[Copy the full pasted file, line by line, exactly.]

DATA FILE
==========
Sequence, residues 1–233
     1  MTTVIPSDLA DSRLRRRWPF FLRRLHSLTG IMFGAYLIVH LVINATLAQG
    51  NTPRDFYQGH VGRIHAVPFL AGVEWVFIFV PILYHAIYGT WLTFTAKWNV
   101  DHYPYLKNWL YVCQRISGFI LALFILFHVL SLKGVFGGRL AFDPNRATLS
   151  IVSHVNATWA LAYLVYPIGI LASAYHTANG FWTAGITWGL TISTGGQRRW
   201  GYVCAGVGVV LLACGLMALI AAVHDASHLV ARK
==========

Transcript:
Sequence, residues 1–233
     1  MTTVIPSDLA DSRLRRRWPF FLRRLHSLTG IMFGAYLIVH LVINATLAQG
    51  NTPRDFYQGH VGRIHAVPFL AGVEWVFIFV PILYHAIYGT WLTFTAKWNV
   101  DHYPYLKNWL YVCQRISGFI LALFILFHVL SLKGVFGGRL AFDPNRATLS
   151  IVSHVNATWA LAYLVYPIGI LASAYHTANG FWTAGITWGL TISTGGQRRW
   201  GYVCAGVGVV LLACGLMALI AAVHDASHLV ARK